Angels, 2 former team employees accused of negligence in Tyler Skaggs family's lawsuit

Skaggs’ parents, Darrell Skaggs and Debbie Hetman filed lawsuits in Texas, and his widow, Carli, submitted paperwork in Los Angeles. In those documents, the Angels organization as well as former communications directors Tim Mead and Eric Kay were mentioned as defendants.

Skaggs’ widow nor his parents mentioned how much money they are seeking.


The 27-year-old Skaggs was found dead in his suburban Dallas hotel room on July 1, 2019. The Angels were preparing to play a four-game series against their American League West rivals Texas Rangers.

According to a coroner’s report, Skaggs choked on his vomit, which led to his death. There were also several substances found in his system, including alcohol, fentanyl, and oxycodone. 

Kay was accused of providing Skaggs with those substances, which is why he was indicted by a federal grand jury in October on drug charges, and he was charged with drug distribution and drug conspiracy in the former pitcher’s overdose death.


“In spite of this knowledge, the Angels continued to allow Kay to have unrestricted access to the players and even permitted him to accompany the team when it traveled for away games,” the lawsuit states.

Kay could face a maximum of a life sentence or 20 years in prison, depending on what he ultimately gets charged with. His trial will begin on August 16.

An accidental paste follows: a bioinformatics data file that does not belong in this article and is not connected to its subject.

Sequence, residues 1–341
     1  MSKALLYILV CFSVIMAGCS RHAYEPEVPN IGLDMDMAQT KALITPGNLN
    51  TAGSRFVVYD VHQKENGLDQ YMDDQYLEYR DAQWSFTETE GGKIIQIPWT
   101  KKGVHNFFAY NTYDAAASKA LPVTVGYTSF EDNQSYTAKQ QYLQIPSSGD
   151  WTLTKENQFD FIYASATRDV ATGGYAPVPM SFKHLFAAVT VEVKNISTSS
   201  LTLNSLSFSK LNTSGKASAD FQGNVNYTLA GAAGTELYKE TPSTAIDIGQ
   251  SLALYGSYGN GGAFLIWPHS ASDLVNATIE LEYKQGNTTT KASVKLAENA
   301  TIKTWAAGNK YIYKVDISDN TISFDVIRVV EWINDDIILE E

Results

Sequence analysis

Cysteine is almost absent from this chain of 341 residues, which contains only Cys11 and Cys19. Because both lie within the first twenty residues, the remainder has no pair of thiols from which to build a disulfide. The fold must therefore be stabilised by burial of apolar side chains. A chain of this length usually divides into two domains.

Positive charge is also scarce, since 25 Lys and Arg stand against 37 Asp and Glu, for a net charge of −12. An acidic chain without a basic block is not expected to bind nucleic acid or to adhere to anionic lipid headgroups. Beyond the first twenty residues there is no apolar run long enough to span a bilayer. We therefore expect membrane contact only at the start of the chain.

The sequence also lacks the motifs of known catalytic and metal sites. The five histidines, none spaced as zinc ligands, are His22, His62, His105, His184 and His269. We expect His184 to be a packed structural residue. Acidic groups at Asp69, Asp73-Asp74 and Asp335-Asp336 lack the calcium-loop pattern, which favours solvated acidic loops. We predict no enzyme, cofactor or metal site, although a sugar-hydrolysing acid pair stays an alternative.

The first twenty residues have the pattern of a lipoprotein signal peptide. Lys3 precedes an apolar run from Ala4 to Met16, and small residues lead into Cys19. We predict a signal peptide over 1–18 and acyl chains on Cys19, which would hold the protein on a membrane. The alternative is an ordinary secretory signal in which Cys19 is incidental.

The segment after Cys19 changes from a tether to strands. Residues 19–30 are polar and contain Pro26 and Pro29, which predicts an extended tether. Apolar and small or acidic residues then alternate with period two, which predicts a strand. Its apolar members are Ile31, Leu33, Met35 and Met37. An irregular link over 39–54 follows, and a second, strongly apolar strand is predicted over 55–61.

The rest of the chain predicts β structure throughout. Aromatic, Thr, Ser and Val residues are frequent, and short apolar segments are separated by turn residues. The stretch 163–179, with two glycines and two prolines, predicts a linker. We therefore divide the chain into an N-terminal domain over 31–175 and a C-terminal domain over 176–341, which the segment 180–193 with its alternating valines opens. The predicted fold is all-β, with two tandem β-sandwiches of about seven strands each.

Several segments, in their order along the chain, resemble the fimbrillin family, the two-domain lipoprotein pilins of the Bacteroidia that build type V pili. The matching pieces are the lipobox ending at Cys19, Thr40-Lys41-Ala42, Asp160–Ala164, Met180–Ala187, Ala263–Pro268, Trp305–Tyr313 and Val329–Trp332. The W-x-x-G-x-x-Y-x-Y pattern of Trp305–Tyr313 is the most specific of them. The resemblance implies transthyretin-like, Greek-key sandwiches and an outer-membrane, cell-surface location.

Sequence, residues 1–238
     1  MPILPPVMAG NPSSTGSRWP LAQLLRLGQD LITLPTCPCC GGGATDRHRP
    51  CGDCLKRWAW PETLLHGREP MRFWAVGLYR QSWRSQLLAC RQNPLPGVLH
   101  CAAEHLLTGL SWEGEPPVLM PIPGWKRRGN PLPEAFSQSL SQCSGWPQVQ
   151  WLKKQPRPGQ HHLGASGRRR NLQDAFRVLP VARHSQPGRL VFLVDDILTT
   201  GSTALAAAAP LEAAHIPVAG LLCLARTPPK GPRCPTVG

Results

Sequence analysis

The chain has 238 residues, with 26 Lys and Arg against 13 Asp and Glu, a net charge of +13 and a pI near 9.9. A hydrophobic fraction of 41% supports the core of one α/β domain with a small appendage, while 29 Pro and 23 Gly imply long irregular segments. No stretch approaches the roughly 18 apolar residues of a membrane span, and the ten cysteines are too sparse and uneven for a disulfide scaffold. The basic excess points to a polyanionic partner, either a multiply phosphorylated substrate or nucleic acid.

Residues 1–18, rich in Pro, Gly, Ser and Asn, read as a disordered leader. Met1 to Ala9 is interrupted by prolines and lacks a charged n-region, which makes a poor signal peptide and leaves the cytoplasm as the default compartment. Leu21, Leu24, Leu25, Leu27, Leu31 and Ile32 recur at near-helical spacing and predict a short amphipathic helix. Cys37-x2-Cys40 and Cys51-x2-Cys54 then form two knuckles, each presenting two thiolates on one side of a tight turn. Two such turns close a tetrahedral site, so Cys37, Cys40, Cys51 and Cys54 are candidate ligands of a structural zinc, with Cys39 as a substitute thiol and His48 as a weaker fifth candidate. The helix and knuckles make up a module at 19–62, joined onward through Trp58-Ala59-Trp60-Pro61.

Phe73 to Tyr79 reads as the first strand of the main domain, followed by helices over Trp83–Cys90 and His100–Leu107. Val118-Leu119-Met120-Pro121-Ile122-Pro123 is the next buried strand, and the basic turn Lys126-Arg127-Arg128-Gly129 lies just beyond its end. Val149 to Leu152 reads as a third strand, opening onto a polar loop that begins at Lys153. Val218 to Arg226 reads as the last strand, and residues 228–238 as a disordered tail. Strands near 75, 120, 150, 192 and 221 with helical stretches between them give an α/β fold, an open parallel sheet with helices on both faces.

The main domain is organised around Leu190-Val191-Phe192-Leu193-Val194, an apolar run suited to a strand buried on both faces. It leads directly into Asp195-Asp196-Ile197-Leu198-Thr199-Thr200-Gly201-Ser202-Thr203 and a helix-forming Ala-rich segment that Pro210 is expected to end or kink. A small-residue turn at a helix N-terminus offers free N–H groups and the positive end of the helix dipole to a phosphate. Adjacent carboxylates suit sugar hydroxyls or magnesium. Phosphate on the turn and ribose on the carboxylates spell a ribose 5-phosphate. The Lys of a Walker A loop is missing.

Eric D. Vandevelde, who is Mead’s attorney, denied the allegations.

“Before Tyler Skaggs’ tragic death, Tim Mead was not aware, informed, or had any knowledge whatsoever that Tyler may have used opioids, or that Eric Kay or any Angels employee had ever provided opioids to any player. Any statement to the contrary is reckless and false,” the attorney said in a statement.

The Angels said that they were not aware that Skaggs abused opioids, and added that they didn’t know any employees were giving drugs to the former pitcher.

“In 2019, Angels baseball hired a former federal prosecutor to conduct an independent investigation to comprehensively understand the circumstances that led to Tyler’s tragic death,” Angels spokesperson Marie Garvey said in a statement.

“The investigation confirmed that the organization did not know that Tyler was using opioids, nor was anyone in management aware or informed of any employee providing opioids to any player.

“The lawsuits are entirely without merit and the allegations are baseless and irresponsible. The Angels organization strongly disagrees with the claims made by the Skaggs family and we will vigorously defend these lawsuits in court.”

The Associated Press contributed to this report.

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